In the first part of this interview Mark Foster gave us an insight into what a player has to do to be fined and how the players play the system on the European Tour. Here the Worksop man, who has been a member of the tour for more than 20 years, explains how everyone is (slowly) working towards a brighter future…
“Aaron Rai is a player I have some sympathy for, he knows he’s slow and that he has to do something about it and he needs positive encouragement.
“People come from the Challenge Tour and they will probably have an inexperienced caddie and you will probably be first or last out and they are the two most pressurised positions in terms of being shown up for being slow and that’s part of the reason why the field doesn’t get round as quick as it should. The easiest place to be is in the middle of the field as you can’t go wrong. It’s the same at your club, you want all the quick players out first to dictate the pace of the day.
“I remember Trevor Immelman years ago going to the tour and asking them for lessons on how to speed up as he was getting pulled up a lot. He was trying to help himself and the field which was great and they improved his routine.”
“I was always competently quick and, if I got put on the clock, then I would have no problem with it but that might just come with experience. I would happily stand on the tee and say to the other guys that we can work as a group to catch up if we were out of position.
“I knew my shot time was consistent, that’s just how I was and they would make me an example of me being the same on Thursday morning to Sunday afternoon.
“Everybody is different but the answer is to break the mentality that everybody deserves more time if they are 40 yards out of position. Why would they deserve more time for that? I don’t get it.”
“Forty seconds, which is the current recommendation, is too quick, I don’t know where that’s come from. People watch TV and think that’s plenty but tour golf is completely different.
“I would put a minute and say there’s no leeway. You could have time-outs or extensions but a minute is a lot of time so we should be able to do anything in that time. And that means starting with the referees being entitled to time you from your second shot to the 1st on Thursday morning on an empty course.”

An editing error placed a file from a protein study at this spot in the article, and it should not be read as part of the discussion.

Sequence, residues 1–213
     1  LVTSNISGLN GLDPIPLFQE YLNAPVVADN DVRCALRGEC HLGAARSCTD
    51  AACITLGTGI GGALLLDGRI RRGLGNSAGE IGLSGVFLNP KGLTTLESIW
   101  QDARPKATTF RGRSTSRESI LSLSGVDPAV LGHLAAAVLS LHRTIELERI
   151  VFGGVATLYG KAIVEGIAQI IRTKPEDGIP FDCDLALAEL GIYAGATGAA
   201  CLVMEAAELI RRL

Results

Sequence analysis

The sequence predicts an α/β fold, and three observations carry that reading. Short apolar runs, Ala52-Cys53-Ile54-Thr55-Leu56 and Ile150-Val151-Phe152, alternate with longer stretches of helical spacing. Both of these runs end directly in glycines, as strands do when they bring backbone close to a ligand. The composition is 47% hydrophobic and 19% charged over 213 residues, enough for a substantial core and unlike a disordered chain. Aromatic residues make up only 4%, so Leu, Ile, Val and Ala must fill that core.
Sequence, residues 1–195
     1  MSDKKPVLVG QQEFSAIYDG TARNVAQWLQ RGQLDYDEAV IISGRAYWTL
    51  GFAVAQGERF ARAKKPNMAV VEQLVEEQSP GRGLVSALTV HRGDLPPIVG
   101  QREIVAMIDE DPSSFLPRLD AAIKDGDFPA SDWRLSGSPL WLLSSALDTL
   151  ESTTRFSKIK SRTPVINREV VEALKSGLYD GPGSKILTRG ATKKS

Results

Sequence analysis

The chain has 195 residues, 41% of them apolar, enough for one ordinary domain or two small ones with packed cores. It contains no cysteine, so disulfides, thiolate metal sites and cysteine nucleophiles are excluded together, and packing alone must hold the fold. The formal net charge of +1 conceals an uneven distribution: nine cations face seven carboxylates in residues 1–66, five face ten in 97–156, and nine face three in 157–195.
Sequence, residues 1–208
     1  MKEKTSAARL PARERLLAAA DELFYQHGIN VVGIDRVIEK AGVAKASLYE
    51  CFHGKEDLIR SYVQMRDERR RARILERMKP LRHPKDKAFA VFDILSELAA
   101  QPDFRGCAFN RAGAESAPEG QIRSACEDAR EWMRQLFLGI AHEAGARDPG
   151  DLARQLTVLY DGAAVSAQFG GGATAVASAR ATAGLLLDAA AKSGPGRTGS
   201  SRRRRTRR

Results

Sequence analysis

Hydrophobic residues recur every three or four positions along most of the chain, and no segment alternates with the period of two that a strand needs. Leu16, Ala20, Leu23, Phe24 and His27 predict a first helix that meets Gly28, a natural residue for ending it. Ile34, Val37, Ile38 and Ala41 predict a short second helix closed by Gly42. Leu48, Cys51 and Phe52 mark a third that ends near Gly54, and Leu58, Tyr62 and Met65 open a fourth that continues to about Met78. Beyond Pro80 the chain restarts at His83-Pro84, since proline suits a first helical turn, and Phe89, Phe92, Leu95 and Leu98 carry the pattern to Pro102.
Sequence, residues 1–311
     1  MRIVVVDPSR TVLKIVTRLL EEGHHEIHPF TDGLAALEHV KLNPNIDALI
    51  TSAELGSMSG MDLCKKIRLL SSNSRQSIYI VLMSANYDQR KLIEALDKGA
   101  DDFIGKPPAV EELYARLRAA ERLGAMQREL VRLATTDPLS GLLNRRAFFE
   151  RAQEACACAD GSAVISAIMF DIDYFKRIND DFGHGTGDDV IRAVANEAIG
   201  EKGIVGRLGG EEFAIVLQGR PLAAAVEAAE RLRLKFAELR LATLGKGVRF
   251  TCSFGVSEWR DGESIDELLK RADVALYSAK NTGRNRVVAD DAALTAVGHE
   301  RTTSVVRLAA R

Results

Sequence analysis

“I played in the Shot Clock Masters last year and they started the clock way too late. I know they are trying to sell it and it is a good idea but you could have sat on your clubs for 20 seconds and then gone into your shot.
“It will be interesting the second time around, hopefully they will start the clock quicker to give the players a better idea of what’s needed and put players under more pressure, everyone said it was too long.
“I do think it’s a really good idea and it will only get better. In snooker they have a Shoot-Out which has been going a few years and is now really good.
“As a pro you have to deal with it, I used to walk slower when paired with slower people. One player always used to sprint to his ball and then take three minutes to play his shot, that doesn’t speed play up but he was sneaky and would justify himself by being at his ball quicker than anyone! For me the quicker I got to my ball the more time I had to moan about slower players.”
“In the past year or so I have started taking friends out as my caddie and they can’t believe how crucial that role is to the pace of play of the group. If you get three inexperienced caddies and three inexperienced players then you will get out of position.
“My friend didn’t look like he had enough arms and legs when he started with me, after a month he had time to have a fag on every hole as he knew where to approach the green from, how to exit the green quickly when to rake the bunker for someone else or clean their ball and so on. If the group falls behind then we’re all in trouble.
“As players we get education to speed things up and the caddies get nothing. The whole thing needs to be more inclusive. Let’s just say the caddie might be money orientated, it’s his job so why not, so he might not care about speeding things up.”
“Things are getting quicker and a European Tour member receives a lot of education. There are two or three player meetings a year and there are online tutorials on everything. And they do them in a way where you can’t skip through them, you have to have understood them. I’ve just been ticked off as I hadn’t didn’t fill in an integrity course on gambling.
The European Tour are trying to do something, I genuinely believe that. A peer of mine learnt all this the hard way as he got fined in his early years, it might have been the biggest fine for slow play. People talk about fines not affecting players but, if you’re a Category 17 European Tour player with a young family, then you will start paying attention.”